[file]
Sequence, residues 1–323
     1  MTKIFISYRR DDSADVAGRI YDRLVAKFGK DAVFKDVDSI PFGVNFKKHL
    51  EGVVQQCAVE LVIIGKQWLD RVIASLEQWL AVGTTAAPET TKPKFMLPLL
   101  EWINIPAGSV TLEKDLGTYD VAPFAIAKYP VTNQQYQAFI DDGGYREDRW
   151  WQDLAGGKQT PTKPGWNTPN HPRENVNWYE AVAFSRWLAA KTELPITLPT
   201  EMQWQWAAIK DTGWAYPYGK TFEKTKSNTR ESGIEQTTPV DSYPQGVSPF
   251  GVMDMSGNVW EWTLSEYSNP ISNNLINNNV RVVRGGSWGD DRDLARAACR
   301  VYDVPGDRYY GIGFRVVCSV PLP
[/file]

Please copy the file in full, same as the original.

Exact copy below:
Sequence, residues 1–323
     1  MTKIFISYRR DDSADVAGRI YDRLVAKFGK DAVFKDVDSI PFGVNFKKHL
    51  EGVVQQCAVE LVIIGKQWLD RVIASLEQWL AVGTTAAPET TKPKFMLPLL
   101  EWINIPAGSV TLEKDLGTYD VAPFAIAKYP VTNQQYQAFI DDGGYREDRW
   151  WQDLAGGKQT PTKPGWNTPN HPRENVNWYE AVAFSRWLAA KTELPITLPT
   201  EMQWQWAAIK DTGWAYPYGK TFEKTKSNTR ESGIEQTTPV DSYPQGVSPF
   251  GVMDMSGNVW EWTLSEYSNP ISNNLINNNV RVVRGGSWGD DRDLARAACR
   301  VYDVPGDRYY GIGFRVVCSV PLP